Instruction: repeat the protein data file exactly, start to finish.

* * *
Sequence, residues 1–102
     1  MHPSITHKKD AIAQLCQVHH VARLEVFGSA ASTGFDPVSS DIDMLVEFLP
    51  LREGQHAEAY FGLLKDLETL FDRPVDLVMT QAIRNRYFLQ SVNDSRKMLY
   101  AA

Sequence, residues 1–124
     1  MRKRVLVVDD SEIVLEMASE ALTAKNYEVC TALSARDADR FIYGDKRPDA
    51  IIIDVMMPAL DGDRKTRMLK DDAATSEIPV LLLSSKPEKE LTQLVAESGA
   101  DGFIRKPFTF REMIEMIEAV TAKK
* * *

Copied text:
Sequence, residues 1–102
     1  MHPSITHKKD AIAQLCQVHH VARLEVFGSA ASTGFDPVSS DIDMLVEFLP
    51  LREGQHAEAY FGLLKDLETL FDRPVDLVMT QAIRNRYFLQ SVNDSRKMLY
   101  AA

Sequence, residues 1–124
     1  MRKRVLVVDD SEIVLEMASE ALTAKNYEVC TALSARDADR FIYGDKRPDA
    51  IIIDVMMPAL DGDRKTRMLK DDAATSEIPV LLLSSKPEKE LTQLVAESGA
   101  DGFIRKPFTF REMIEMIEAV TAKK